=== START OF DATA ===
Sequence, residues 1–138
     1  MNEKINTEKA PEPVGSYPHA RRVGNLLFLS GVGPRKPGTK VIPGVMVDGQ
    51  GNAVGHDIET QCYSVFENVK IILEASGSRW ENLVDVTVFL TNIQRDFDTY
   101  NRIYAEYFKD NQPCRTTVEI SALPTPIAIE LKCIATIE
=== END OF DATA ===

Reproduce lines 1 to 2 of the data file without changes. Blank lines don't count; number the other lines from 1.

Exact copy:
Sequence, residues 1–138
     1  MNEKINTEKA PEPVGSYPHA RRVGNLLFLS GVGPRKPGTK VIPGVMVDGQ